Sen. Hawley's 'holds' on Biden nominees are hostage-taking, not policymaking
Alan Dershowitz: Who won, who lost in Mueller report
Now that the Mueller report has been released, the spin game begins. Each side has been given sufficient material in the report to claim victory and to attack the other side.
President Trump has said this was a good day. And it was, from a legal point of view. The report concluded that there is absolutely no evidence that anyone in his campaign (or any other American) illegally conspired with Russian operatives who were determined to try to influence the outcome of the election. That is the good news for Trump. It vindicates him legally on his claim from Day One that there was no collusion.
The bad news is that the report contains information - much of which has been disputed by the Trump legal team - of non-criminal, but not very nice, behavior on the part of the president and some of his associates. Such conduct includes repeated misstatements about who knew what regarding meetings and other contacts.
On balance, however, President Trump comes out way ahead on the Russia collusion issue. Putting aside legalisms, it really appears as if there was no actual collusion.
On the obstruction issue, the bad news for President Trump may exceed the good news. Although the report "does not conclude that the President committed a crime," as it states, it also refuses to "exonerate him." Already, Democrats are arguing that Congress can revisit the obstruction evidence and come to its own conclusions about whether President Trump's conduct constituted obstruction of justice. The catalogue of ten instances of possible obstruction provide a roadmap for Congress to further investigate, even if in the end it decides not to impeach.
Attorney General William Barr and special counsel Robert Muller apparently have a fundamental disagreement over whether a president can be charged with obstruction of justice if he merely engaged in an act authorized by the Constitution but with an improper motive.
Barr takes the view - a view that I have argued for many months - that the act requirement of a crime (actus reus) cannot be satisfied by a constitutionally authorized action of the president, such as firing FBI Director James Comey. Mueller takes the view that a constitutionally authorized act can be turned into a crime if it is improperly motivated.
Mueller's view is extreme and dangerous to civil liberties because it creates pure thought crimes. According to Mueller, the corrupt motive is the crime because surely the constitutionally authorized act cannot be criminal. The implications of this view for all Americans are frightening. They are especially frightening if applied to a president. Do we really want prosecutors or members of Congress to probe the motivations of presidents when they take constitutionally authorized actions?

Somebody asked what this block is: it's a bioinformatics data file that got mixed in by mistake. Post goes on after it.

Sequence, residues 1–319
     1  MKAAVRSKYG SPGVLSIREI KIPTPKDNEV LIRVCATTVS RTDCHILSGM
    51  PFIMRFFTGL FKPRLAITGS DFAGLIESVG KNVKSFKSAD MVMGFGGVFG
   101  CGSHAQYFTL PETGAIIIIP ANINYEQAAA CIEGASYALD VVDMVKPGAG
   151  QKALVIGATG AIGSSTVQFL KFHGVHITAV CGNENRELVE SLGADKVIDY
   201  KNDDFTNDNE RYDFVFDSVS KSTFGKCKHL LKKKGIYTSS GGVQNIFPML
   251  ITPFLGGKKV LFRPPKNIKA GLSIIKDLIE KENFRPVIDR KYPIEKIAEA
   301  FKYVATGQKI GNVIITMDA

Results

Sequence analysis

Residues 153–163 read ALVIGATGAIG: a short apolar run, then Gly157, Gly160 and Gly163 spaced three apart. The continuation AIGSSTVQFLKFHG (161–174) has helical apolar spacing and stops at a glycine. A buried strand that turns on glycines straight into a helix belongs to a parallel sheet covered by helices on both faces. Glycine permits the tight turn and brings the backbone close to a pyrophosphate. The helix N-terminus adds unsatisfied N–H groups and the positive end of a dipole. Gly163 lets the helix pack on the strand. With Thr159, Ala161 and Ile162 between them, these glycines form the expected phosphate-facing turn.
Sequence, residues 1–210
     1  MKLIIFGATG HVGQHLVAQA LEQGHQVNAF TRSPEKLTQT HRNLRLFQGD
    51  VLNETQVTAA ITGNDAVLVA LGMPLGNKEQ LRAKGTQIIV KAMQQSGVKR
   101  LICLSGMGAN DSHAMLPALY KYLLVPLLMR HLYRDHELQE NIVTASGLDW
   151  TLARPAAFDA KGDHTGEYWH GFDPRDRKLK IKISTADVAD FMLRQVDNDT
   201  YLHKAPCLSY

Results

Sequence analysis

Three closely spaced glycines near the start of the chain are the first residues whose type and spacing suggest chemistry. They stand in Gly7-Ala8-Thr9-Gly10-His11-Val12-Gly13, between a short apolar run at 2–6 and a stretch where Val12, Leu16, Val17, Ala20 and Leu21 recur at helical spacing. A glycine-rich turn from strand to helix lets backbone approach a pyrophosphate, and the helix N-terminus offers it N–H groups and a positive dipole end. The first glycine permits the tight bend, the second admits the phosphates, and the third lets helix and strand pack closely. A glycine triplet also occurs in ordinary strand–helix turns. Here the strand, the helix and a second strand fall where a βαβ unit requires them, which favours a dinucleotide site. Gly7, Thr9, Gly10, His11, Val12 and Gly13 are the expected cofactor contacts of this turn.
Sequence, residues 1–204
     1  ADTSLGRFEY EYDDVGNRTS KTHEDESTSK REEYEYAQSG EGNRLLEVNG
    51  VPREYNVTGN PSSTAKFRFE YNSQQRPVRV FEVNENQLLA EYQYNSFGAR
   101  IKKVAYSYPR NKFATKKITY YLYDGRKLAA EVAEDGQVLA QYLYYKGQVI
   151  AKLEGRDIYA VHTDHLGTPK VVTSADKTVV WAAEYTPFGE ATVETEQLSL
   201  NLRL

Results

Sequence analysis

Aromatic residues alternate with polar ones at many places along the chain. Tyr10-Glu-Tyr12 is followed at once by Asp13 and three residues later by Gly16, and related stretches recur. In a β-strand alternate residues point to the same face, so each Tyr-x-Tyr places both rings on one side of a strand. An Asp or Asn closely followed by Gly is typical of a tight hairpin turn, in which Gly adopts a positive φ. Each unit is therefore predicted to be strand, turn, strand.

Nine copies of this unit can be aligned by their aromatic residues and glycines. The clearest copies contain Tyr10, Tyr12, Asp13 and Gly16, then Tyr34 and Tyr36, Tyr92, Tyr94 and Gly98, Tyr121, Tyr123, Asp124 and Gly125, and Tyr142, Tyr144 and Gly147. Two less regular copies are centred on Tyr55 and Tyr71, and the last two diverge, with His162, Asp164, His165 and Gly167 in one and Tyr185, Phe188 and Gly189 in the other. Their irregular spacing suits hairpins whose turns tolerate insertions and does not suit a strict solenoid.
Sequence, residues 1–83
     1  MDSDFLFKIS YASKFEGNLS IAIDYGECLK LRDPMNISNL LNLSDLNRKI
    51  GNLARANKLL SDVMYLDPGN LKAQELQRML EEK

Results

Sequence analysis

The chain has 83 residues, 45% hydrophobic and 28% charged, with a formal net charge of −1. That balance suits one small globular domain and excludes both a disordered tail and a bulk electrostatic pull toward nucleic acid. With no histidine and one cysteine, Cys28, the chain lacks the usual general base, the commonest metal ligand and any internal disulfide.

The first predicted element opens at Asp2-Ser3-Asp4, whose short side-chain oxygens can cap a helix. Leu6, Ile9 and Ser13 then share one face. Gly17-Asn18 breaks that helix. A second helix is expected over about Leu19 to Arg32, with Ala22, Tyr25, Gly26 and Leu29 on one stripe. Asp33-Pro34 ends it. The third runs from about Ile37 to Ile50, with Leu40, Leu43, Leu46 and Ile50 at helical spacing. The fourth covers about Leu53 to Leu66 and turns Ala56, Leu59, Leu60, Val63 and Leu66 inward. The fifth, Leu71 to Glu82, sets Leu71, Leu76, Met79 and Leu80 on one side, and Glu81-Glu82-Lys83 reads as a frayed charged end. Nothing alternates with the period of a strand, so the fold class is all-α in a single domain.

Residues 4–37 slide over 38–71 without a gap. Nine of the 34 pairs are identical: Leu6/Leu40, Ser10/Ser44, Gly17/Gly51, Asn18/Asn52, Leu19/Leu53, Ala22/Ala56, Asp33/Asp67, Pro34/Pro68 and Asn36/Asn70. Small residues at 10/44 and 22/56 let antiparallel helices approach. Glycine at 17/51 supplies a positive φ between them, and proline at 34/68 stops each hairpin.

Presidents, like the rest of us, have multiple motivations in virtually everything they do. Some are altruistic, others self-serving. Some are patriotic, some are partisan. A president may be motivated by revenge, friendship, family loyalty or countless other factors. We should judge presidents by what they do, not by why they do it.
In any event, neither Mueller nor Barr could find sufficient evidence of criminal motive to conclude that President Trump committed a crime. That was the right decision, even if Mueller made it for the wrong reason.
The Democratic leadership has already said that it makes little sense to try to impeach the president. Instead, they will try to hinder him by 1,000 cuts - subpoenas, hearings and other partisan maneuvers. They will use the critical contents of the Mueller report to further their partisan aims. That is one good reason, among many, why prosecutors should not issue public reports containing negative information about subjects of their investigations.
Another good reason is that prosecutorial reports are, by their nature, one-sided. Prosecutors do not look for exculpatory evidence, as Mueller has admitted in this report. That is why it is important to wait for the Trump legal team's rebuttal to the Mueller report before coming to a final conclusion.
So, in the end, both sides won something and lost something. On balance, Trump won more.
The real question is, did the American people win? On that, I still believe, as I did even before Mueller was appointed, that a far better approach would have been to appoint a nonpartisan commission of experts to look into Russian efforts to influence our election and to seek ways of preventing such intrusions in the future.
Alan M. Dershowitz is the Felix Frankfurter Professor of Law, Emeritus, at Harvard Law School. His new book is "The Case Against the Democratic House Impeaching Trump." You can follow him on Twitter @AlanDersh.